Wednesday, November 13, 2019

The D.C. Man #1: Top Secret Kill by James P. Cody

Phew. Man, this was a damned good book. I read about the D.C. Man books from Paperback Warrior and have been looking for them for a while. It was worth the wait. Its an expensive series to collect and I'm a cheap bastard so it took a while to track down a couple of the book. One I got in a big lot of books from eBay and the other from Etsy of all places, sometimes looking for presents for you wife REALLY pays off. Now I have zero-to-little interest in Politics so this action-adventure series about a Washington lobbyist who kicks some ass is an unlikely love but it's SO MUCH BETTER then 90% of paperback fiction I couldn't help but fall for it.

This first book had a solid set of stock of characters including a real, vulnerable yet tough main character in Brian Peterson a troubleshooter with a military intelligence background, too all the minor characters who are all well thought out and interesting. There's nice twists on stock characters, a caring yet happily married secretary is a sharp contrast to the love-lorn secretary in many private eye novels. His reporter buddy has a real drinking problem, not just the standard "hard-drinking reporter" cliche. Peterson's got a lot of friends in all walks of life, some help him out, some get killed for their trouble. The D.C. Man's world is well-hard; full of high-class prostitutes, embassy intrigue, and foreign and domestic spies. There's clear thought out violence, mystery and a nice quest for vengeance the whole package teeters nicely between all out Men's Adventure and a good crime series.

Peterson has the prerequisite for a good Men's Adventure series: A dead family. Usually it's not a big deal for one of these tough vigilantes, their family was only there in the narrative to piss him off by dying. But Peterson's families death was average, a regular way for people to die and he didn't go on a quest for vengeance. No, he fell to pieces went to the beach drank, got fat, and banged his way through a few months then returned to D.C. to resume his lobbyist career. But his heart wasn't in it and he found a niche in cleaning up dirty little messes for politicians and the like. He's a regular broken tough guy who packs a .32 revolver with a couple other guns for backups, has a cool built in wall safe, drinks his scotch with a lime and eats a lot of steaks.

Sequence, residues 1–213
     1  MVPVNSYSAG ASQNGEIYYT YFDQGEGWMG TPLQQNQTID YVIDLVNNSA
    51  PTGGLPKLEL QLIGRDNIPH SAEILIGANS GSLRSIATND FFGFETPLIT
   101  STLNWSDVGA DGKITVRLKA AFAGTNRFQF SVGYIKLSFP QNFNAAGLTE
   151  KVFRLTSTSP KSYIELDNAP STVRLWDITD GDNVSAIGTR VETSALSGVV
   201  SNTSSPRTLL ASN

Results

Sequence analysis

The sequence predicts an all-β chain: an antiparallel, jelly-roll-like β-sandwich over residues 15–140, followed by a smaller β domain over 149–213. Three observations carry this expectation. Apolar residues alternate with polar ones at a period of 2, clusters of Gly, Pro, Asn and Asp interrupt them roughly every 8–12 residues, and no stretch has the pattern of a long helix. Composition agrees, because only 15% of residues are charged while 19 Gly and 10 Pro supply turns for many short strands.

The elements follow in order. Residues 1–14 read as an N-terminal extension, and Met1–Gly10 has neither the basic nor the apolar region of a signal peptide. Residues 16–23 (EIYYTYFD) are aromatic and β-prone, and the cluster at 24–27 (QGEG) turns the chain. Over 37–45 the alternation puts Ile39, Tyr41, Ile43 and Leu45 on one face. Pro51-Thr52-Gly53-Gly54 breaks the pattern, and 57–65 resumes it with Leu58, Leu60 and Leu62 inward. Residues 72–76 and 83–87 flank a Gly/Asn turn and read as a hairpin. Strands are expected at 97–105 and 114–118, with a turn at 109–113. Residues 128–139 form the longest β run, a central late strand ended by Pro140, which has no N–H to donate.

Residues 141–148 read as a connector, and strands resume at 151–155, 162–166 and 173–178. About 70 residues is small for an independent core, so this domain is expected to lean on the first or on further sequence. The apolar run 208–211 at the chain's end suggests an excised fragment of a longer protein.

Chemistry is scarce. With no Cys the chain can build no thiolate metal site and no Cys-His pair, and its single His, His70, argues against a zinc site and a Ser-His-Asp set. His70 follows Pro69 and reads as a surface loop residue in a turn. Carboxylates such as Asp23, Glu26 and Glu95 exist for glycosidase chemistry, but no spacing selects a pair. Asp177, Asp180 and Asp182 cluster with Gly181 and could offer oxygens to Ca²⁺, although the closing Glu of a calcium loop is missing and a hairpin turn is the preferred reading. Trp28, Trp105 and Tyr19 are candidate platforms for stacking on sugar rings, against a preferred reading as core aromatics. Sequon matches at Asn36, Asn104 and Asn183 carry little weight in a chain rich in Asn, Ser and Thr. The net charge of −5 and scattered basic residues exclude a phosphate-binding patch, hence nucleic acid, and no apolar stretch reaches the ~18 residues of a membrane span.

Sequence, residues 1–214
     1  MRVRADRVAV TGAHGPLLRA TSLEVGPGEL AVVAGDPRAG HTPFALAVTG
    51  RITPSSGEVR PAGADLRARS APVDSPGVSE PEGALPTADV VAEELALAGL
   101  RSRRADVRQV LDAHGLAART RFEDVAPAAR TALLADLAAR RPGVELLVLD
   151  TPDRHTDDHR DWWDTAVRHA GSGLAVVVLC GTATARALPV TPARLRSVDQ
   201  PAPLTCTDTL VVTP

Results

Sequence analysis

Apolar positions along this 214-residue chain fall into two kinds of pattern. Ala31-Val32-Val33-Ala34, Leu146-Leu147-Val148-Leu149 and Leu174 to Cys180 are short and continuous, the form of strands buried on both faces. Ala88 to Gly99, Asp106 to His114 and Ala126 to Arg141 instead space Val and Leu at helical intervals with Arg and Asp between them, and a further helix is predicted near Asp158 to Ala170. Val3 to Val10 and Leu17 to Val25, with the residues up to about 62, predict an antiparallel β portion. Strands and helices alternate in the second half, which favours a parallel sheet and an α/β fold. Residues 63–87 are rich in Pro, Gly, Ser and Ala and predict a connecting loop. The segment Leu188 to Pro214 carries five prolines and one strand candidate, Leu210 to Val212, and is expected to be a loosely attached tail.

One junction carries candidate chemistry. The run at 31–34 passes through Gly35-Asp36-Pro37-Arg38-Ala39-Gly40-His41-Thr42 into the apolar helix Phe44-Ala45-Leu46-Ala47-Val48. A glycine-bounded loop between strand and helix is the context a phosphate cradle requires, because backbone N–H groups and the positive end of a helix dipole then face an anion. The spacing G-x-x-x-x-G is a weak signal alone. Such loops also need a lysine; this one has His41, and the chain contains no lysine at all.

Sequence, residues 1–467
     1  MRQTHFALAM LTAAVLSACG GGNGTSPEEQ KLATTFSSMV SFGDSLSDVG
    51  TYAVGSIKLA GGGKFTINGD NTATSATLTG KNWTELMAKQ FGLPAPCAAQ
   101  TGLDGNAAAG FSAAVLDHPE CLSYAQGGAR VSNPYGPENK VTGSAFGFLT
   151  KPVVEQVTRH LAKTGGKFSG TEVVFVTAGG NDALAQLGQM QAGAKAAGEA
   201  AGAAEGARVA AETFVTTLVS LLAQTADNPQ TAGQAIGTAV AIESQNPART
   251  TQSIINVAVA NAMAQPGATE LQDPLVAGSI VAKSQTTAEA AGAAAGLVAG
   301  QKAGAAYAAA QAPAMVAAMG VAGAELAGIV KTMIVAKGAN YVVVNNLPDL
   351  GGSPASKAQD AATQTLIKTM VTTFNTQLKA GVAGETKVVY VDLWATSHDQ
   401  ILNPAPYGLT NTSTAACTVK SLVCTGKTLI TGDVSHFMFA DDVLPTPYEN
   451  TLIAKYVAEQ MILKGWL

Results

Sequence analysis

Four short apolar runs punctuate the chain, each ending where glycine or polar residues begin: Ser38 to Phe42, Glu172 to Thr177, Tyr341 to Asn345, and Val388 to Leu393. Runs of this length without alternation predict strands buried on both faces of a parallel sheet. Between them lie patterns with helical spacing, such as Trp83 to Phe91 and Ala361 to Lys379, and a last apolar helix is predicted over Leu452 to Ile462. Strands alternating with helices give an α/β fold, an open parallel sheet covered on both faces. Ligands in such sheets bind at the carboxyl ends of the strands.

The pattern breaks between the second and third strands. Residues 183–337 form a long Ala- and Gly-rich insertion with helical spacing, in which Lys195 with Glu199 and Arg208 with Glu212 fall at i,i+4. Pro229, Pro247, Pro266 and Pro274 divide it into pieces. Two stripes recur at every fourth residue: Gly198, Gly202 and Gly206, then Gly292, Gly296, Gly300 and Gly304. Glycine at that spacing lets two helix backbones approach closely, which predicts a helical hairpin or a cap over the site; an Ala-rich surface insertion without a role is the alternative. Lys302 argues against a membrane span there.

• D.C. Man #1: Top Secret Kill
  • D.C. Man #2: Search and Destroy 
  • D.C. Man #3: Your Daughter Will Die!
  • D.C. Man #4: French Killing

I kept thinking of another book while reading this one, "Death of a Citizen" by Donald Hamilton, the first in his long running Matt Helm badass novels. It's a stone cold classic, not just in the crime/adventure/mystery category of fiction but in all of fiction. Seriously it should be read in college classes, make them a lot cooler. In "Death of a Citizen," an old spy's life is up-heaved and he has to go to work again doing dirty deeds. They both are espionage stories with a hard-boiled detective slant and characters that leap off the page. "Death of a Citizen" like "Top Secret Kill" came out of the gate as nearly perfect set-ups for a series with main characters who you wanted to follow along for years to come. Luckily, Matt Helm had a shit-load of books but sadly D.C. Man only had four. It's a shame. I haven't read the other 3 (yet) its such an interesting set-up for a series that the possibilities are endless being able to flip-flop through sub-genres.

James P. Cody author of this bloody, sexy thriller was actually an ex-priest named Peter T. Rohrbach which is a fun thing to type. The discovery of backstory was handled by Paperback Warrior, I suggest you read their article cause it's all sorts of interesting. I wish Rohrbach had more badass books in him but he didn't seem to, the rest of his writing career seemed to by about history and religion.

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